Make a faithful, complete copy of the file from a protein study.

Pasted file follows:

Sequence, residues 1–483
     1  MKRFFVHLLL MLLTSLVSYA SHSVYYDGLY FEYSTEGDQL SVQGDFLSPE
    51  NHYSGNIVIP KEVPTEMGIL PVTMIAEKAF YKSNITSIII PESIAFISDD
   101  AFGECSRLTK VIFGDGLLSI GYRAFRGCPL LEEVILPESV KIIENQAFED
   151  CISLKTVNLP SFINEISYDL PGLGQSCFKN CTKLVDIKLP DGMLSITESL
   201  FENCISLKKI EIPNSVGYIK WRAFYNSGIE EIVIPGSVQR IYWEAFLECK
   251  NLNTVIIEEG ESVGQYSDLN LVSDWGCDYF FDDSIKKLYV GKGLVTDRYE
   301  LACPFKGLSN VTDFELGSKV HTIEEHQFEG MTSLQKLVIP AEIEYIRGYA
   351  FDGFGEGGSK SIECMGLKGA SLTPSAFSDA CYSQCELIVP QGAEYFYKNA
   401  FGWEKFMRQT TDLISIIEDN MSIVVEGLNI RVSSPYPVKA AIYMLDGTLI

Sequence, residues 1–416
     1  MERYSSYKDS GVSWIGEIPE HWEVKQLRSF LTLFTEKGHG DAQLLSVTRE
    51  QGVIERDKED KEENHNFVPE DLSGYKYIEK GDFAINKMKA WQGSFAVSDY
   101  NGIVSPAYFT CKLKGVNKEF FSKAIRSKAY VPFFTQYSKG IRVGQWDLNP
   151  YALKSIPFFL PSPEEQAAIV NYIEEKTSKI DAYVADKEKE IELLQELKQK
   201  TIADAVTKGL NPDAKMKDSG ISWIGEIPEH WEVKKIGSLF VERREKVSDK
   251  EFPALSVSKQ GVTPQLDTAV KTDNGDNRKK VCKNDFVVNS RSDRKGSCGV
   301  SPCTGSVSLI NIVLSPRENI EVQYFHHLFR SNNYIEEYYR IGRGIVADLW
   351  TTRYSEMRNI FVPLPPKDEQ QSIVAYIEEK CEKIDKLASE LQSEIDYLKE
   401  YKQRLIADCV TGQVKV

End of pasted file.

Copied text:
Sequence, residues 1–483
     1  MKRFFVHLLL MLLTSLVSYA SHSVYYDGLY FEYSTEGDQL SVQGDFLSPE
    51  NHYSGNIVIP KEVPTEMGIL PVTMIAEKAF YKSNITSIII PESIAFISDD
   101  AFGECSRLTK VIFGDGLLSI GYRAFRGCPL LEEVILPESV KIIENQAFED
   151  CISLKTVNLP SFINEISYDL PGLGQSCFKN CTKLVDIKLP DGMLSITESL
   201  FENCISLKKI EIPNSVGYIK WRAFYNSGIE EIVIPGSVQR IYWEAFLECK
   251  NLNTVIIEEG ESVGQYSDLN LVSDWGCDYF FDDSIKKLYV GKGLVTDRYE
   301  LACPFKGLSN VTDFELGSKV HTIEEHQFEG MTSLQKLVIP AEIEYIRGYA
   351  FDGFGEGGSK SIECMGLKGA SLTPSAFSDA CYSQCELIVP QGAEYFYKNA
   401  FGWEKFMRQT TDLISIIEDN MSIVVEGLNI RVSSPYPVKA AIYMLDGTLI

Sequence, residues 1–416
     1  MERYSSYKDS GVSWIGEIPE HWEVKQLRSF LTLFTEKGHG DAQLLSVTRE
    51  QGVIERDKED KEENHNFVPE DLSGYKYIEK GDFAINKMKA WQGSFAVSDY
   101  NGIVSPAYFT CKLKGVNKEF FSKAIRSKAY VPFFTQYSKG IRVGQWDLNP
   151  YALKSIPFFL PSPEEQAAIV NYIEEKTSKI DAYVADKEKE IELLQELKQK
   201  TIADAVTKGL NPDAKMKDSG ISWIGEIPEH WEVKKIGSLF VERREKVSDK
   251  EFPALSVSKQ GVTPQLDTAV KTDNGDNRKK VCKNDFVVNS RSDRKGSCGV
   301  SPCTGSVSLI NIVLSPRENI EVQYFHHLFR SNNYIEEYYR IGRGIVADLW
   351  TTRYSEMRNI FVPLPPKDEQ QSIVAYIEEK CEKIDKLASE LQSEIDYLKE
   401  YKQRLIADCV TGQVKV